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Data from: Inbreeding depression does not increase after exposure to a stressful environment: a test using compensatory growth

Citation

Vega-Trejo, Regina; Head, Megan L.; Jennions, Michael D. (2016), Data from: Inbreeding depression does not increase after exposure to a stressful environment: a test using compensatory growth, Dryad, Dataset, https://doi.org/10.5061/dryad.mb2gb

Abstract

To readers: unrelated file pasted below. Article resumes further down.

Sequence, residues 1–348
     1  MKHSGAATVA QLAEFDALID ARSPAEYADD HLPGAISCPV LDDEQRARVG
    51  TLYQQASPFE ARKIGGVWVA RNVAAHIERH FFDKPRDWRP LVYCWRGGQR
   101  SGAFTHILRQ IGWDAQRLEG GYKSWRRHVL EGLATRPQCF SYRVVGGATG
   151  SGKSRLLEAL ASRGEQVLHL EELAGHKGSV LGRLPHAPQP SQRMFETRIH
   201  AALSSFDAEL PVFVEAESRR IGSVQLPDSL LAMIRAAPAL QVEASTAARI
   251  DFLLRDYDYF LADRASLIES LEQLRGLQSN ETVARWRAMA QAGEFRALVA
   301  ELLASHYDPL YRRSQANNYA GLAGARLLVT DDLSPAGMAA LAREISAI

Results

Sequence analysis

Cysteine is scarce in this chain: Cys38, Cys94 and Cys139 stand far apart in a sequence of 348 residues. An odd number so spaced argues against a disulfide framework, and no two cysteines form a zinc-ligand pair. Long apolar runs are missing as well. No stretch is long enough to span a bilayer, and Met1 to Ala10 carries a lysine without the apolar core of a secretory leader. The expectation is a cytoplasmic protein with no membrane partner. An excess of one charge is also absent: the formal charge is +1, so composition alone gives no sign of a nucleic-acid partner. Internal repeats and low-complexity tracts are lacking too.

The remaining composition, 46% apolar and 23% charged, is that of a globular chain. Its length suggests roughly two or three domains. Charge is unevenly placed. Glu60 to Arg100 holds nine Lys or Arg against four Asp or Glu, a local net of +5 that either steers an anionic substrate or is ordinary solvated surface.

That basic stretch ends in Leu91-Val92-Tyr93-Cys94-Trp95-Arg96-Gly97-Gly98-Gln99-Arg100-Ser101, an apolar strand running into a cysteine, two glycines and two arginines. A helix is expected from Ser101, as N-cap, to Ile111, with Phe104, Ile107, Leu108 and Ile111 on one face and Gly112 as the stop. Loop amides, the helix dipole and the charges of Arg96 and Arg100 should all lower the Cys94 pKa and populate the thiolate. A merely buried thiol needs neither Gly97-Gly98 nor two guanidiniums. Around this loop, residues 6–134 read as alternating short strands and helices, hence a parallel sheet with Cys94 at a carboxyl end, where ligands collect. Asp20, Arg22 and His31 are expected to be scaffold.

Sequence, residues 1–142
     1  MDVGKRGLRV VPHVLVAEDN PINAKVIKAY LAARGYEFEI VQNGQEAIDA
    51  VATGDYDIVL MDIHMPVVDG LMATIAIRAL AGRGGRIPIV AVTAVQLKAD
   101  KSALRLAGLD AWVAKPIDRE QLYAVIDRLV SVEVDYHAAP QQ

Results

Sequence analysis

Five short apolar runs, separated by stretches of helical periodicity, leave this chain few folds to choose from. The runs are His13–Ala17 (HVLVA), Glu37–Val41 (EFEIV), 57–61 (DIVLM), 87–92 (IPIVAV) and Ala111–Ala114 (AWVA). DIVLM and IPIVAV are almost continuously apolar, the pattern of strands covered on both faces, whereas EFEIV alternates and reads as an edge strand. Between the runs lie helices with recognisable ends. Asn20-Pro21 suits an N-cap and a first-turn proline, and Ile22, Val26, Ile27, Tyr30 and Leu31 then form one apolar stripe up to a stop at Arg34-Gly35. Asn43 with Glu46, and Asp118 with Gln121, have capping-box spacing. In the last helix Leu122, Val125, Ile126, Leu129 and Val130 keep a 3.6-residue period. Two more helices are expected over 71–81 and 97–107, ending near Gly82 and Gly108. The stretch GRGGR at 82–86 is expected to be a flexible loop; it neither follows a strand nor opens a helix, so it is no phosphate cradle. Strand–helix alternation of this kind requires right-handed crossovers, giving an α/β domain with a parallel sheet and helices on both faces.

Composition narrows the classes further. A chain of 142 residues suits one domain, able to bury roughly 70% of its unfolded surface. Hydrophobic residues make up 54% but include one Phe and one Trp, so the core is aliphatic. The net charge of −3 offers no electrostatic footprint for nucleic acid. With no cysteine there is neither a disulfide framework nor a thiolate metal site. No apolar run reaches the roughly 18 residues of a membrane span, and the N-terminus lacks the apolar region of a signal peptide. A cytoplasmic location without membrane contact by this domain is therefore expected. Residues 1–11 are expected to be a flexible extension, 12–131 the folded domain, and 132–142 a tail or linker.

Background: Inbreeding is often associated with a decrease in offspring fitness (‘inbreeding depression’). Moreover, it is generally assumed that the negative effects of inbreeding are exacerbated in stressful environments. This G × E interaction has been explored in many taxa under different environmental conditions. These studies usually manipulate environmental conditions either in adulthood or throughout an individual’s entire life. Far fewer studies have tested how stressful environments only experienced during development subsequently influence the effects of inbreeding on adult traits. Results: We experimentally manipulated the diet (control versus low food) of inbred and outbred juvenile Eastern mosquitofish (Gambusia holbrooki) for three weeks (days 7-28) to test whether experiencing a presumably stressful environment early in life influences their subsequent growth and adult phenotypes. The control diet was a standard laboratory food regime, while fish on the low food diet received less than 25 % of this amount of food. Unexpectedly, despite a large sample size (237 families, 908 offspring) and a quantified 23 % reduction in genome-wide heterozygosity in inbred offspring from matings between full-siblings (f = 0.25), neither inbreeding nor its interaction with early diet affected growth trajectories, juvenile survival or adult size. Individuals did not mitigate a poor start in life by showing ‘compensatory growth’ (i.e. faster growth once the low food treatment ended), but they showed ‘catch-up growth’ by delaying maturation. There was, however, no effect of inbreeding on the extent of catch-up growth. Conclusions: There were no detectable effects of inbreeding on growth or adult size, even on a low food diet that should elevate inbreeding depression. Thus, the long-term costs of inbreeding due to lower male reproductive success we have shown in another study appear to be unrelated to inbreeding depression for adult male size or the growth rates that are reported in the current study.

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